This is the big question we do not want to forget.
Normally, those who start a training program – and in this case I mean essentially gym training – aim to lose weight or gain muscle, so the ” weight” variable is highly valued by those who start to practice physical exercise.
After a while, and if you follow all that the professionals who accompany you suggest, it is normal that you start to see changes in your body, but these changes do not always translate into changes on the scale.
That is, your body composition begins to improve, you get more toned, you lose volume, but the weight may not fluctuate as much as you would like.
What is happening? So exercise can make you gain weight? Should you give up the training?
Read more to find the answer to these questions.
Beginners vs. advanced practitioners
It is well known that those who start training for the first time have a greater margin of progression than a regular exerciser.
There are more variables to manipulate, more to lose and to transform.
For those who have been training for years, the annual lean mass gain can be less than one kg or two, while a beginner can increase nearly ten times more as long as he is properly coached.
However, this does not lead to weight loss.
In reality, this lean mass increase on the scale can sometimes be camouflaged by the loss of fat mass.
That is, you will lose one kg of fat mass and you will gain one kg of lean mass.
But note! This is unlikely to happen if you are not doing everything perfectly, which, by the way, is not always possible.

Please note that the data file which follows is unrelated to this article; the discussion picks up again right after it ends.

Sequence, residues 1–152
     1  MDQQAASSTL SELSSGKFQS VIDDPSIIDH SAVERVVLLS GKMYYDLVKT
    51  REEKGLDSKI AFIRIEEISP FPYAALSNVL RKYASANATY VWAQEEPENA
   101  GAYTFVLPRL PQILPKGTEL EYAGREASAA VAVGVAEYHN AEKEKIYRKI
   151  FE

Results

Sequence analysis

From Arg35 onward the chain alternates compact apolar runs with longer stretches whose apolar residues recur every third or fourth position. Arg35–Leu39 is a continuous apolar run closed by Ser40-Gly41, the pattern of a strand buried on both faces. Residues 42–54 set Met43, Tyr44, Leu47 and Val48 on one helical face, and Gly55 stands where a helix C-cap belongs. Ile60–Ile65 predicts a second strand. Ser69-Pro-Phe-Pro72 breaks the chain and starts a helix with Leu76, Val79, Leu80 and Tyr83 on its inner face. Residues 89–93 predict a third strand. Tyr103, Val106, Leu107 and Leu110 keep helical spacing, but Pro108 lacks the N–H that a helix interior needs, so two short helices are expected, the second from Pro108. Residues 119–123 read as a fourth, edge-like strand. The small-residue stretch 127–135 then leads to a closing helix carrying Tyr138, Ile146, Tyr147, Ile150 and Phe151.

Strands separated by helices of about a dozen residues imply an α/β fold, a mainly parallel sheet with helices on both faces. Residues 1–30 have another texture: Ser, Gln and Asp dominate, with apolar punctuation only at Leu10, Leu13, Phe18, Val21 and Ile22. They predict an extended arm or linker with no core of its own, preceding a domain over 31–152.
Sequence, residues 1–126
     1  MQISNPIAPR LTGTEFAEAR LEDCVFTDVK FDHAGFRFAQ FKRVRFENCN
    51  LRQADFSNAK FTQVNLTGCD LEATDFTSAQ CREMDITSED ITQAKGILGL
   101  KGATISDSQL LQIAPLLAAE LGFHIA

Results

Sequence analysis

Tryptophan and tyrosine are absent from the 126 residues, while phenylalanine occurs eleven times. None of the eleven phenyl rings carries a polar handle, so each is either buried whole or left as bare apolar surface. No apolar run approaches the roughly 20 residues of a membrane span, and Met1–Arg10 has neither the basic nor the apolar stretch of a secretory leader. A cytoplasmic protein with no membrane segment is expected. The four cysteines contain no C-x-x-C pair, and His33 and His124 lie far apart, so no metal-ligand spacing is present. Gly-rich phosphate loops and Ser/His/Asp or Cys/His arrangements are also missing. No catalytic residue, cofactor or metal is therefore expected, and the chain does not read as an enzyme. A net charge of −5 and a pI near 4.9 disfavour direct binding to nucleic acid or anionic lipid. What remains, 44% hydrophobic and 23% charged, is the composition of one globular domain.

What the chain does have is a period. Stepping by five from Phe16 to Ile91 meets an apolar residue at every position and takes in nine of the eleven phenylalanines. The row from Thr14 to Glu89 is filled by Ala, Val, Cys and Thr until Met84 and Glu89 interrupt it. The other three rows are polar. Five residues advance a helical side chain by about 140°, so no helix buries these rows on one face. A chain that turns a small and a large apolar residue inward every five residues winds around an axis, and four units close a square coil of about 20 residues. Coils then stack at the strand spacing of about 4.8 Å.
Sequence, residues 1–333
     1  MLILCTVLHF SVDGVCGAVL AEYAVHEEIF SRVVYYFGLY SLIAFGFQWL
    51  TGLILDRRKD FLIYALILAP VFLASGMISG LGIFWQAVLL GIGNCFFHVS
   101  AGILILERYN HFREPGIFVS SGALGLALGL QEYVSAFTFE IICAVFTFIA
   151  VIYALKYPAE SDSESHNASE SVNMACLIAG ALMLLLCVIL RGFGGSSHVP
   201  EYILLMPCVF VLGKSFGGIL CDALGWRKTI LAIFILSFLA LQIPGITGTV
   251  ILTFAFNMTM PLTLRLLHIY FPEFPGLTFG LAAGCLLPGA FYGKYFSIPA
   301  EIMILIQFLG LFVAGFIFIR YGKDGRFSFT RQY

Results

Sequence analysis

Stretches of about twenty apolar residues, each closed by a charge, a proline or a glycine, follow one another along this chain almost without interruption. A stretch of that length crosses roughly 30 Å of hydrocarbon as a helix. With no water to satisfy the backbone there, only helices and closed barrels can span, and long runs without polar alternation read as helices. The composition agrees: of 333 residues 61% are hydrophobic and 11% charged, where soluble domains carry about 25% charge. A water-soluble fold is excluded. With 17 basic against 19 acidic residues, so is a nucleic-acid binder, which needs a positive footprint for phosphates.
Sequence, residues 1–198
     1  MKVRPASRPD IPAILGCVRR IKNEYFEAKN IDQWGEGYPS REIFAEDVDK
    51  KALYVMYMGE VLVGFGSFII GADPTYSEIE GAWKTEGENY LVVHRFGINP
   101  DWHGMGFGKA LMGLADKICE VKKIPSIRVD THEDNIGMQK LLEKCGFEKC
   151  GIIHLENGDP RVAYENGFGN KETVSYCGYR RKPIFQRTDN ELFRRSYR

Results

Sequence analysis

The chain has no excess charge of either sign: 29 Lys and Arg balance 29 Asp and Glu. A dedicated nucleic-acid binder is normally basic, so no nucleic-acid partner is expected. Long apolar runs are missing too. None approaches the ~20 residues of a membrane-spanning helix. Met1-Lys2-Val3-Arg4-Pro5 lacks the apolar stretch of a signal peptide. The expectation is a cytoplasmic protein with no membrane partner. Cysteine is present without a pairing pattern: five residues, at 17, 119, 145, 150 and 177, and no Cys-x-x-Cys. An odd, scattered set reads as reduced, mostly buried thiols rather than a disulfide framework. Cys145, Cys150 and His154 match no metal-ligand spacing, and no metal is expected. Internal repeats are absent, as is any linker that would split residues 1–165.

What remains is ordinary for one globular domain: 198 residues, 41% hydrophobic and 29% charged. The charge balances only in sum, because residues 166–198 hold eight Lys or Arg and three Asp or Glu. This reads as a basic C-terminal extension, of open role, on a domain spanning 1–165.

Should I worry about weight gain?
You may gain weight, but this is not necessarily bad.
It has to do with your body’s response, an individual response that depends on a number of factors.
But don’t expect this to happen overnight.
Take advantage of the process and do not become obsessed with your weight gain.
In fact, you may get heavier and look thinner. This is perfectly normal.
It’s called “body recomposition”, where you gain muscle and lose fat mass.
Fat mass vs. muscle mass
One kg of muscle is not equal to one kg of fat in terms of volume.
That is, one kg of fat takes up much more space than one kg of muscles.
This way you will look thinner and probably keep your weight or even increase it.
Even if your goal is to gain weight and an increase in the numbers on the scale don’t scare you so much, you should always try to do it by gaining muscle rather than fat, as this is the healthiest way.
These kind of issues do not apply only to beginners.
Some athletes with more experience, and depending on the type of sport they practice, can also work on this “muscle recomposition.”
For example, when your aim is to increase muscle mass or improve muscle definition, during the phase of muscle mass increase, there may be weight gain.
However, there is probably also an increase in fat, but in the muscle definition phase the idea is that there is a maximum reduction in fat mass, so that only the muscles are growing!
My advice …
If I could give you some advice at an early stage it would be:
Do not live obsessed with the scale.
It is an important tool to understand if you are on the right track and measure your progress.
However, the values it presents will not always be the most reliable as changes in water retention, glycogen storage or intestinal transit will affect the values shown on the scale.
In order to measure your progress, it is also important that you can understand other metrics: body weight and percentage of fat mass vs. percentage of lean mass, something a normal scale cannot give you.
There are bioimpedance scales that can help you to get an idea of these values and can be a good way to measure your progress.
But there are more ways. The best option you have is to talk to a sports or health professional.
Try to reduce errors as much as possible so that you can get the most out of this early phase and gain as much muscle mass as possible.